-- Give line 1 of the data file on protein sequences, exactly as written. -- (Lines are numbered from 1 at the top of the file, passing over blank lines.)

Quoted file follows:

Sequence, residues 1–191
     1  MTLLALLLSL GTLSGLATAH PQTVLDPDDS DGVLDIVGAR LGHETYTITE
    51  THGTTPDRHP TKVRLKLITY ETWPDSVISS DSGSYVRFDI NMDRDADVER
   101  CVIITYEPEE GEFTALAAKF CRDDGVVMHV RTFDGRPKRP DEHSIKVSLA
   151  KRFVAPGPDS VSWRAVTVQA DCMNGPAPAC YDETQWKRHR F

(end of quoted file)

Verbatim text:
Sequence, residues 1–191